$libinclude rank z week rnk pct

display "Here are the values of PCT0 and PCT after the call to rank:", pct0, 
	"Note that rank has changed the OUTPUT value of pct", pct;

*	Do several iterations, computing percentiles in each step:

loop(iter,

*	Substitute a call to the NLP solver by a call to the random
*	number generator.  In many applications, this substitution
*	produces profoundly more sensible results.
*
*                 solve catchment using nlp maximizing max;

	z(week) = uniform(0,1);

*	If you want to retrieve percentile values, you need to reassign
*	the percentiles that you wish to retrieve at this point in the
*	program.  If pct() were not reassigned at this point, the INPUT
*	values would correspond to the OUTPUTs from the previous call.

	pct(pctl) = pct0(pctl);


$libinclude rank z week rnk pct

	pctval(iter,pctl) = pct(pctl);

);

display pctval;

Output:

----     58 Here are the INPUT values of PCT0 and PCT prior to the call to rank:

----     58 PARAMETER pct0  Percentiles to be computed

50 50.000,    75 75.000,    80 80.000,    95 95.000


----     58 PARAMETER pct  Percentiles to be computed (input) and those values (output)

50 50.000,    75 75.000,    80 80.000,    95 95.000


----    153 Here are the values of PCT0 and PCT after the call to rank:

----    153 PARAMETER pct0  Percentiles to be computed

50 50.000,    75 75.000,    80 80.000,    95 95.000


----    153 Note that rank has changed the OUTPUT value of pct

----    153 PARAMETER pct  Percentiles to be computed (input) and those values (output)

50 0.424,    75 0.662,    80 0.712,    95 0.864


----    273 PARAMETER pctval  Percentile values in successive iterations

                50          75          80          95

iter1        0.345       0.594       0.638       0.922
iter2        0.385       0.633       0.672       0.941
iter3        0.474       0.705       0.766       0.962
iter4        0.627       0.796       0.823       0.978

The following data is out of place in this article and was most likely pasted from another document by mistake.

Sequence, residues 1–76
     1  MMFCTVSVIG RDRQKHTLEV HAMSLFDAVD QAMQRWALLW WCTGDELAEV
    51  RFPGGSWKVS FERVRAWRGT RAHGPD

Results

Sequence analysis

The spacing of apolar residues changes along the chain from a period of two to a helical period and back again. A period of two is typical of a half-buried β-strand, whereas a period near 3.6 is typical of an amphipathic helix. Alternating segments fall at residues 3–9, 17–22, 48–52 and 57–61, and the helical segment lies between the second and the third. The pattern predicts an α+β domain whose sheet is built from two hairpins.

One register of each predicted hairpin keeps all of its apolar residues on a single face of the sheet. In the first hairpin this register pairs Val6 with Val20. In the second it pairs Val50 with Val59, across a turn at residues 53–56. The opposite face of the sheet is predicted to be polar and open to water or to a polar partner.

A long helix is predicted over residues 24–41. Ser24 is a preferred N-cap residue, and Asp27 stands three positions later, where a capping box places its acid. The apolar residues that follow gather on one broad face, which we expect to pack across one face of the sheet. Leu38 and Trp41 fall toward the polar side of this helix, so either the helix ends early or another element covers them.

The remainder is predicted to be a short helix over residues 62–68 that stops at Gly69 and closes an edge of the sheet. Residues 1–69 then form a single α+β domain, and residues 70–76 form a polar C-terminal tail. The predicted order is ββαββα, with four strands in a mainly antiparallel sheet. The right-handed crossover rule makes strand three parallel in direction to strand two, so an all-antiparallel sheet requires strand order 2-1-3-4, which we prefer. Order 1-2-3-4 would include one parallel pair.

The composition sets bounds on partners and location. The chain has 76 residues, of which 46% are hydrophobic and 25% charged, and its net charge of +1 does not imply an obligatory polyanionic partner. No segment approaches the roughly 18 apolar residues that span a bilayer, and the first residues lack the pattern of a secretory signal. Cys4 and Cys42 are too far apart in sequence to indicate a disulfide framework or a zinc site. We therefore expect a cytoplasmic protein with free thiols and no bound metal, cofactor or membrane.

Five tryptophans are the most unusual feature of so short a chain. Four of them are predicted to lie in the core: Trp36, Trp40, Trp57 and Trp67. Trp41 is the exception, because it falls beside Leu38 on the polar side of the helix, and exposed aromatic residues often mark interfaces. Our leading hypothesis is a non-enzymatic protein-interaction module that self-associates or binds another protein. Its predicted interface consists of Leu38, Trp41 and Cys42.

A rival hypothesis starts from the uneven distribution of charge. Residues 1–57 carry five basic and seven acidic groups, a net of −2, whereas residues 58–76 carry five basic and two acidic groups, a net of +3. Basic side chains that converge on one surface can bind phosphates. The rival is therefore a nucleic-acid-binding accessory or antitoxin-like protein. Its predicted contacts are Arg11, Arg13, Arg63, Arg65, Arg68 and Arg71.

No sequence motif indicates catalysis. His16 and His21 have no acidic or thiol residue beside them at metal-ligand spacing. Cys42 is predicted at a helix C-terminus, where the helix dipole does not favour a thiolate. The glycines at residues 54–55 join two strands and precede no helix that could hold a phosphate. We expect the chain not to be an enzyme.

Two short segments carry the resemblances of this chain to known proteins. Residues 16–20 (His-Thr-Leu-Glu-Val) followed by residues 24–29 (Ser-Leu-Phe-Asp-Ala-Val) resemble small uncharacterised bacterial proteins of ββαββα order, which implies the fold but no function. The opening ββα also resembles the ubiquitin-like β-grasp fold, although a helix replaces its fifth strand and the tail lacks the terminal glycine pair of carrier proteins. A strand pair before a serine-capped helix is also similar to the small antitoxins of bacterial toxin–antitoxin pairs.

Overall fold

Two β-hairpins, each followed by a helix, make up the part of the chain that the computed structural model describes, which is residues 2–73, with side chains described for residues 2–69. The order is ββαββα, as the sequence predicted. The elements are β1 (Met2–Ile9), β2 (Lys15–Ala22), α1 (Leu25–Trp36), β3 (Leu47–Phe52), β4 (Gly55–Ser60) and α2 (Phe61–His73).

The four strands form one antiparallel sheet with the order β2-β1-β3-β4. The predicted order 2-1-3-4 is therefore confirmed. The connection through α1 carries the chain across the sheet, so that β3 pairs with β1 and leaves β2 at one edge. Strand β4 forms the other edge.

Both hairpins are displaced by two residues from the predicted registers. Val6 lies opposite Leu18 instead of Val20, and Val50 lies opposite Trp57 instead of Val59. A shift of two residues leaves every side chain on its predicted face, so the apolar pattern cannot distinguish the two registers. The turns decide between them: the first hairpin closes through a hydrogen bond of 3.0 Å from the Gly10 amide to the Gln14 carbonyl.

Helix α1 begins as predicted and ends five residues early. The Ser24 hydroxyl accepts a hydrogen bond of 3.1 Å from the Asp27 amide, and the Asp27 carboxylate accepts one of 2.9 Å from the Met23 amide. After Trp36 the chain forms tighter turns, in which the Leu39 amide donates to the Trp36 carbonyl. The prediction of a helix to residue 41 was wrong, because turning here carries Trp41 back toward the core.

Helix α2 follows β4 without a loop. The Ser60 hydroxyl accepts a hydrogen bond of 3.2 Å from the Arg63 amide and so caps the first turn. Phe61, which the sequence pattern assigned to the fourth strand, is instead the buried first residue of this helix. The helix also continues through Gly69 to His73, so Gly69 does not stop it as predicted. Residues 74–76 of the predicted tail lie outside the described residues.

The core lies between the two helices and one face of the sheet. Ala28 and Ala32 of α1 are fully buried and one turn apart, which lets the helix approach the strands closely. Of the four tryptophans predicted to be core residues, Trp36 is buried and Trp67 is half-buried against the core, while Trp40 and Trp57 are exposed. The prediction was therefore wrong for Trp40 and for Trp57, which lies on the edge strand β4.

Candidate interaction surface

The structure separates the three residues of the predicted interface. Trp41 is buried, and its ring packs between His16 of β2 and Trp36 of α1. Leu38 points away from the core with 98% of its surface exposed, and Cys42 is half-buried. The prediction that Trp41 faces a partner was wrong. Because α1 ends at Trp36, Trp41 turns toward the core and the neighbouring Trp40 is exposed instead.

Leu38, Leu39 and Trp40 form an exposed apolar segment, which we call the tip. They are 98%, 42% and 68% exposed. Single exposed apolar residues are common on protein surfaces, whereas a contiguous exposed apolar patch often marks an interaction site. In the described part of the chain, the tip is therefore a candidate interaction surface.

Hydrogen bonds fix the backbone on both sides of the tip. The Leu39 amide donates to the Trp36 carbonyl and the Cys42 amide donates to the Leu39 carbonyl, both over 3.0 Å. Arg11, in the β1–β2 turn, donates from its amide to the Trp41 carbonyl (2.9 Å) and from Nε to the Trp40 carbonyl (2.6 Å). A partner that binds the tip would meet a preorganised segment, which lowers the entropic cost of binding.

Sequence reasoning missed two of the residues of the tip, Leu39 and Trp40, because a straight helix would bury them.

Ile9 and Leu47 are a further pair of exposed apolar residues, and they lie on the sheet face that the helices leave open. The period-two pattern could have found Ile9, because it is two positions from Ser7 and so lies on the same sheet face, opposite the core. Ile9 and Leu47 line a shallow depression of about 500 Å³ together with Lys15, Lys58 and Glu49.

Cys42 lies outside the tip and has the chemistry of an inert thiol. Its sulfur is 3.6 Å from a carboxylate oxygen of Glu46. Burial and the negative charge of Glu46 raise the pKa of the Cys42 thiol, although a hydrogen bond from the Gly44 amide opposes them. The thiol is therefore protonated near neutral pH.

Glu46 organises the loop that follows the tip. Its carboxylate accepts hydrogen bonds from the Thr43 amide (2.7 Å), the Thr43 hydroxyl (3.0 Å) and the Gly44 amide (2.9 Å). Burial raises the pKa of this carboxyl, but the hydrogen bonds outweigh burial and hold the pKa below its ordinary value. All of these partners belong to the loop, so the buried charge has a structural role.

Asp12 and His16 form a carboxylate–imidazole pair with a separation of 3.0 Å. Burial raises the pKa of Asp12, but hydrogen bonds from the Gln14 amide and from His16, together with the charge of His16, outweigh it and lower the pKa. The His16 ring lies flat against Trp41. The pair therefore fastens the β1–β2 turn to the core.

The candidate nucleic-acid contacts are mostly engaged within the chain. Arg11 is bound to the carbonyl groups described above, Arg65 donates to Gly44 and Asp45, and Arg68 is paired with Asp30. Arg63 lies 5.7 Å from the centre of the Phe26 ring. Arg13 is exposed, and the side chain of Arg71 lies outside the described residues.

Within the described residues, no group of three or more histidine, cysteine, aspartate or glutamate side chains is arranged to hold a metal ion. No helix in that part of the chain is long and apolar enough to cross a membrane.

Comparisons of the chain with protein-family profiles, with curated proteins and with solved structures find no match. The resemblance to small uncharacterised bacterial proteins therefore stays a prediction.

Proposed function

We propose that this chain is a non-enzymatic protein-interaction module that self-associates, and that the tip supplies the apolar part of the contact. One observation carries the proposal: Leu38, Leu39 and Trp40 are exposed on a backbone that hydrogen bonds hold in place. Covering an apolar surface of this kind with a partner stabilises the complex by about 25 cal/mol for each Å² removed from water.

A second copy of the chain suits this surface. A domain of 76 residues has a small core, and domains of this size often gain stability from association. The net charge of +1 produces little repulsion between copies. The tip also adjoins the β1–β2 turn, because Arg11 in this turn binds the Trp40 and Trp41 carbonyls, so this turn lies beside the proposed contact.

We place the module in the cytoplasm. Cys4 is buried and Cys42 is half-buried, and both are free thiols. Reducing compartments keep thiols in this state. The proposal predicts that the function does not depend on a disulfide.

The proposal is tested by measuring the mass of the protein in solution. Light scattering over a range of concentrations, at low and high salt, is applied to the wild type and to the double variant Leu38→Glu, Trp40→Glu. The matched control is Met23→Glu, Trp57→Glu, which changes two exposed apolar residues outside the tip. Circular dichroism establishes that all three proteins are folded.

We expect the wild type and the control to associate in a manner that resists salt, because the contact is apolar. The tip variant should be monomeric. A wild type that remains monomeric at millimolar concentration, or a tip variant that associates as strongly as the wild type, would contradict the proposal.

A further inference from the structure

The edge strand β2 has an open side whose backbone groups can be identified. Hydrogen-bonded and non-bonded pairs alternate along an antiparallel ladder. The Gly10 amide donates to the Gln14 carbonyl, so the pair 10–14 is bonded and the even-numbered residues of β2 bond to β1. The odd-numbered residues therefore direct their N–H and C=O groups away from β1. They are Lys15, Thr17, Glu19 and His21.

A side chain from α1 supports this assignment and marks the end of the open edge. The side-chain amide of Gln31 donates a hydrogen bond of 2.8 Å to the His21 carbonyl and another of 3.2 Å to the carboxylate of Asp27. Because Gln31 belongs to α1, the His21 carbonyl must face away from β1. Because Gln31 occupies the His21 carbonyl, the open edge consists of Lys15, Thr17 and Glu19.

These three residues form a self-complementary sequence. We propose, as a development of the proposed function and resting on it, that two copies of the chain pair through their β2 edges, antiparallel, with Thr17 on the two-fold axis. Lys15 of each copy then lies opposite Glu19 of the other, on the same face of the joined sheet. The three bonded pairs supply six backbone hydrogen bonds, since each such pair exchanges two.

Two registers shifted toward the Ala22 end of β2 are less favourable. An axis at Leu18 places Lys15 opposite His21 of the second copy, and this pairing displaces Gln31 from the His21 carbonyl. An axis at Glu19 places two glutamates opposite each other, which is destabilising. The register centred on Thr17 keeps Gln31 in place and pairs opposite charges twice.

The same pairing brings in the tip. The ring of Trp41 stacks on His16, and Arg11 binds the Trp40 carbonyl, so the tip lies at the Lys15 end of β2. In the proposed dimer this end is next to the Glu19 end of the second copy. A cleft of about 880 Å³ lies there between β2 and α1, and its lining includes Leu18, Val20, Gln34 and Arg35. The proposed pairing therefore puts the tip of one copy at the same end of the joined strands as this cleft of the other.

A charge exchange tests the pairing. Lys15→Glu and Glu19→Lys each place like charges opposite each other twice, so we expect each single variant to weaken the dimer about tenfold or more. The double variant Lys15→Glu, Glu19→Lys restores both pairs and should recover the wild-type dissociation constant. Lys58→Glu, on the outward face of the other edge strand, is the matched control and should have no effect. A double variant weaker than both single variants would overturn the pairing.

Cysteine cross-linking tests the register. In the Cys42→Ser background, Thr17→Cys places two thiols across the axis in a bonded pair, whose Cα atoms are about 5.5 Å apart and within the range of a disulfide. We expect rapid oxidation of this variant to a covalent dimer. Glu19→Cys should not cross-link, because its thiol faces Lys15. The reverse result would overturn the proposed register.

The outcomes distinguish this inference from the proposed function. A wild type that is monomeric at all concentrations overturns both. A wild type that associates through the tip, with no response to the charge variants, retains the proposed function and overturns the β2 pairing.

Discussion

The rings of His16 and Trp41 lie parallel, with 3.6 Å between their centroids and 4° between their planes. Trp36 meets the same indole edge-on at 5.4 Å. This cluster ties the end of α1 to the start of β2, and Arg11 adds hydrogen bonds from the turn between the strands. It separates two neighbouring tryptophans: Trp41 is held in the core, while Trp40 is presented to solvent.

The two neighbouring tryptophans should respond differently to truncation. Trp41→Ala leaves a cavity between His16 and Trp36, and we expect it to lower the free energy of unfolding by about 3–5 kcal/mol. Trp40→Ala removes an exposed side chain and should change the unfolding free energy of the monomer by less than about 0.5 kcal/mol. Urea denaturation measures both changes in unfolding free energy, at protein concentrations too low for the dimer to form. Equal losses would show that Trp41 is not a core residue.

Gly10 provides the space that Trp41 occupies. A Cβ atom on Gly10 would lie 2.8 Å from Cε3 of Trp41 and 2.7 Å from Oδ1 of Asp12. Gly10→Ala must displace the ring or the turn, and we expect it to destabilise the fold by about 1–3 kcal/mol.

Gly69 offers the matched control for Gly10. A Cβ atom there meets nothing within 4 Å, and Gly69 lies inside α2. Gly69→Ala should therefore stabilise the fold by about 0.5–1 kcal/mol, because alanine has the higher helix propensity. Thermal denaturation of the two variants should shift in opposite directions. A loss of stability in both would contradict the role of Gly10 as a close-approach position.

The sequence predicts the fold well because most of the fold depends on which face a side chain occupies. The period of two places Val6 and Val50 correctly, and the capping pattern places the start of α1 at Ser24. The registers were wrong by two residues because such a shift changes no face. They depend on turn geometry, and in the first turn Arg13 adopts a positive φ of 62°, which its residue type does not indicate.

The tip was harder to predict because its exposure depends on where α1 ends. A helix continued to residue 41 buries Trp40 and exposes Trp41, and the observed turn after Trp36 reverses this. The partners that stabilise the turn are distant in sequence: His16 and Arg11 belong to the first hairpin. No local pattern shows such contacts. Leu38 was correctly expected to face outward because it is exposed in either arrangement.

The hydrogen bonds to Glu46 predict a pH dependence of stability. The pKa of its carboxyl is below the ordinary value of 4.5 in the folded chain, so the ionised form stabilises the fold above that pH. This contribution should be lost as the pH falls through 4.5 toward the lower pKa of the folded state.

iter5        0.428       0.682       0.793       0.904
iter6        0.422       0.690       0.729       0.958
iter7        0.558       0.716       0.756       0.902
iter8        0.451       0.638       0.726       0.942
iter9        0.464       0.704       0.755       0.916
iter10       0.564       0.805       0.831       0.974


Example 5: Use GDXRANK generating percentiles for heterogenous households.


$title  Percentile ranking of household expenditure data with heterogenous household size

set     h /0*100/;

parameter       y(h)            Aggregate expenditure associated with household type h,
                n(h)            Number of persons associated with household type h,
                ypc(h)          Per-capita expenditure of household type h
                rank(h)         Rank of household in per-capita expenditure;

*       Assigne some random values:

y(h) = uniform(0.2,1.2);
n(h) = uniform(1,6);
ypc(h) = y(h) / n(h);

*       Assign ranks to household based on per-capita expenditures:

$libinclude rank ypc h rank

*       Now determine percentile ranking of the households taking into account
*       differences in numbers of members and household representation:

set     r       Temporary set used for ranking /r0*r100/;

parameter       pcttmp(r)       Temporary array for computing percentiles,
                pct(h)          Percentile rankings for households;

set r0(r) /r0/;


*       First, create an array with households assigned 
*       

loop((r0(r),h),         pcttmp(r+(rank(h)-1)) = n(h););

loop(r,                 pcttmp(r) = pcttmp(r) + pcttmp(r-1););

                        pcttmp(r) = pcttmp(r) / sum(h, n(h));

loop((r0(r),h),         pct(h) = pcttmp(r+(rank(h)-1)););

parameter       ranking         Ranking of households and expenditures;

loop((r0(r),h),         ranking(r+(rank(h)-1),h,"n") = n(h);
                        ranking(r+(rank(h)-1),h,"ypc") = ypc(h);
                        ranking(r+(rank(h)-1),h,"pct") = pct(h); );

display ranking;


Output:

                         n         ypc         pct
        r0  .43        5.662       0.044       0.018
        r1  .8         5.682       0.047       0.036
        r2  .58        4.477       0.052       0.050
        r3  .14        5.742       0.058       0.068
        r4  .55        4.815       0.063       0.083
        r5  .65        3.702       0.063       0.094
        r6  .61        5.880       0.064       0.113
        r7  .54        4.463       0.064       0.127
        ....
        r98 .62        1.134       0.640       0.991
        r99 .10        1.673       0.716       0.997
        r100.73        1.053       1.076       1.000


Economics Department, University of Colorado, Boulder CO 80309-0256
email:rutherford@colorado.edu
Last modified June, 2004 by TFR
1